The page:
Money market accounts come in two forms: money market mutual funds and money market deposit accounts. However, you can cash in either of these account types at any time. Money market mutual funds contain low-risk securities such as short-term treasury bonds. Shareholders receive regular interest payments while the price of a share generally remains steady at $1. Money market deposit accounts work similarly except that these deposit accounts are offered by banks instead of investment firms and are therefore federally insured. Consequently, the procedures for cashing in a money market mutual funds are different from the procedures for cashing in your money market bank account.
Money Market Mutual Fund
Review your most recent money market statement to determine when the fund makes the monthly interest payments. If you want to maximize your returns, you should delay the sale of your shares until you have received the next monthly interest payment. However, if you are in a high tax bracket, you may wish to sell your shares before the next interest payment causes your tax bill to rise.
Contact your broker and instruct the broker to sell all of your shares. Ask your broker for the current account balance. The balance should match the number of shares you have although in some instances, money market shares "break the buck." This occurs when the price of a share drops below $1.
Review the trade receipt for accuracy. You can ask your broker to mail you a check or to wire the funds into your bank account. You can leave the cash from the share sale in your brokerage account if you wish to reinvest the money.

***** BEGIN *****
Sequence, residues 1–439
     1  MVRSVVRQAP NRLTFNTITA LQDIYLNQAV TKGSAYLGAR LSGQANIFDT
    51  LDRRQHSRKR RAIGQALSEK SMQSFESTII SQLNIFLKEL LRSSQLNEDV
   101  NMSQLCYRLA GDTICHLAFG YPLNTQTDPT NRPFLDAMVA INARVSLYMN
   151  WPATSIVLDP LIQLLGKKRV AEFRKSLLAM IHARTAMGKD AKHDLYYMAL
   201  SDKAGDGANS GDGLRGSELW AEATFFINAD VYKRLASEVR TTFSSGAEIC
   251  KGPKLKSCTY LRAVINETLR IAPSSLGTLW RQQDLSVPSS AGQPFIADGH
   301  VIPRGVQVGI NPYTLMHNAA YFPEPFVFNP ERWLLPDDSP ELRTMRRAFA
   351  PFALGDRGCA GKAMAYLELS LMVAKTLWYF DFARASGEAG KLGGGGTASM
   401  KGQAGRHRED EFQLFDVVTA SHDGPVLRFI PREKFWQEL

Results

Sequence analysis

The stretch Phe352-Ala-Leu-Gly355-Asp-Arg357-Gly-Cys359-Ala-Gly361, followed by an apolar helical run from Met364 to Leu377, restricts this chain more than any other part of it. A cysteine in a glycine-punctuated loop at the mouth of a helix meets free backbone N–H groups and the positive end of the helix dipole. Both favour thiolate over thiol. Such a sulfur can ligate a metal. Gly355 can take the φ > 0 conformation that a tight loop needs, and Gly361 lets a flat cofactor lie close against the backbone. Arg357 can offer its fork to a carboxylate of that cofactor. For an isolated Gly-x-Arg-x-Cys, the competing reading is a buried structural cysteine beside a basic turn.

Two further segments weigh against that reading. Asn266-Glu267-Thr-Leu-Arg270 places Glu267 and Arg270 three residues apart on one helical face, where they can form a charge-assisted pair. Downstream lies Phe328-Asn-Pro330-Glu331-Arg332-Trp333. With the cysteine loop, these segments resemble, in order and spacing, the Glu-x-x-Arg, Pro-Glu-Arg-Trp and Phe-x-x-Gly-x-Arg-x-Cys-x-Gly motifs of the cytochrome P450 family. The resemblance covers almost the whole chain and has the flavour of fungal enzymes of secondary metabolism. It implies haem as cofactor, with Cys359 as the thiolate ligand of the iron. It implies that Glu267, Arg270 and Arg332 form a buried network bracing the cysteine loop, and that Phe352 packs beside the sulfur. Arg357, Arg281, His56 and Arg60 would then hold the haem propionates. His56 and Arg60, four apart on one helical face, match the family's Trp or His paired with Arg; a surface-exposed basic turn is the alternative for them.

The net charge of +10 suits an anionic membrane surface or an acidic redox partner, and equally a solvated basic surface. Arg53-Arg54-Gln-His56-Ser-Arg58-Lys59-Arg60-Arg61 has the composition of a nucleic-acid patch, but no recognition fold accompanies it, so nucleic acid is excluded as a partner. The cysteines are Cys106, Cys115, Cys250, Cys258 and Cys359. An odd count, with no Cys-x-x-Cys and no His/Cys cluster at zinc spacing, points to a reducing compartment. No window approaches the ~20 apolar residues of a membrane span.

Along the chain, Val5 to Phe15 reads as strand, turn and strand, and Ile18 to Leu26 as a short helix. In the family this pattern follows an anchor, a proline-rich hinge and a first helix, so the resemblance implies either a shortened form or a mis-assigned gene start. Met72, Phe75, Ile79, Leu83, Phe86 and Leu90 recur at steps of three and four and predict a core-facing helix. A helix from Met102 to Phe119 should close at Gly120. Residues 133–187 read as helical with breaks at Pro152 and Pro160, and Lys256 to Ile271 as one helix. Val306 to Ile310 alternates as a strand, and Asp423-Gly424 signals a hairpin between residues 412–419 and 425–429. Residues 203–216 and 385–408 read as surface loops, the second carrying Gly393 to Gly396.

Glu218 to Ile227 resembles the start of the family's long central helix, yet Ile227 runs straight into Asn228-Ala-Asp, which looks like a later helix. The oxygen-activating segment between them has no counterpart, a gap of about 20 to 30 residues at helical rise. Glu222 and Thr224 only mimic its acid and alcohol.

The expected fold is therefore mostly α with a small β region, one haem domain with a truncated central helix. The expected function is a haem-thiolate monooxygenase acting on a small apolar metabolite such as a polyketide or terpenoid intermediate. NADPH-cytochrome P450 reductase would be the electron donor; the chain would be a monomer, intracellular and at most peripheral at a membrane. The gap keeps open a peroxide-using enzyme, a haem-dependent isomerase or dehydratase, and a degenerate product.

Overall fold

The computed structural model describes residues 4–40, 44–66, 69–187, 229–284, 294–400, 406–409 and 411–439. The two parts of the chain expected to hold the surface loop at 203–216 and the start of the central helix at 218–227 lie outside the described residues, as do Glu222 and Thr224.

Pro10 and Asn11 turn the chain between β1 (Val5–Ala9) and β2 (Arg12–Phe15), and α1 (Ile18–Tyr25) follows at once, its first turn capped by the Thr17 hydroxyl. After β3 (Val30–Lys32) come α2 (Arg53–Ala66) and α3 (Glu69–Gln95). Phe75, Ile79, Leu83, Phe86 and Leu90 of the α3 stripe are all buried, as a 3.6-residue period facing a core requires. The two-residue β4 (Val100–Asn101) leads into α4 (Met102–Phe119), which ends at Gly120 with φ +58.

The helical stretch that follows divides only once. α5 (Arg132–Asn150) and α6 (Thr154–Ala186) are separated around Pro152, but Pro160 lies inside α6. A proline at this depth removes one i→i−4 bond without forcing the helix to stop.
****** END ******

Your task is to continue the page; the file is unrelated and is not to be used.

Money Market Deposit Account
Locate your last money market deposit account statement. Compare the transactions listed on your statement with the transactions written in your check register. You cannot close the account if you have any outstanding transactions.
Contact your employer, pension provider and any other entity that makes direct deposits into your account or takes automatic withdrawals from your account. Explain that you intend to close the account. Provide these service providers and other entities with an alternative account number so that you can continue to receive your income payments and pay your bills electronically.
Go to the bank. Show a banker a form of identification and provide the banker with your account number. Complete a withdrawal slip or one of your own money market account checks to withdraw all of the funds from the account.
Instruct the banker to close the account after you have completed your withdrawal. Take your receipt and make sure the amount printed on the receipt corresponds to the amount of money that you received.
Most banks assess a penalty fee if the balance in a money market deposit account falls below a certain level. If you intend to leave the account with a zero balance for a period of time, you should simply close the account and then open a new account so as to avoid paying these fees.
Many investors confuse money market mutual funds with money market deposit accounts and believe that both investment types are backed by the federal government. Money market deposit accounts are insured up to $250,000, per account holder which means that you are protected if your bank goes bankrupt. In 2009, the federal government started to guarantee money market mutual funds in a bid to restore confidence in the market after several banks and investment firms became insolvent. However, in September 2009, the federal government's temporary guarantee program expired so money market mutual funds are no longer federally guaranteed.
- Securities and Exchange Commission: Money Market Funds
- University Federal Credit Union: Regulation DFAQs
- Bankrate.com; Money Market Fund Investing; Don Taylor
- Commodity Futures Trading Commission; Money Market Deposit Accounts and Now Accounts; December 2000
- FINRA: Treasury's Guarantee Program for Money Market Mutual Funds: What You Should Know
- Bankrate.com: The Basics of Money Market Fund Investing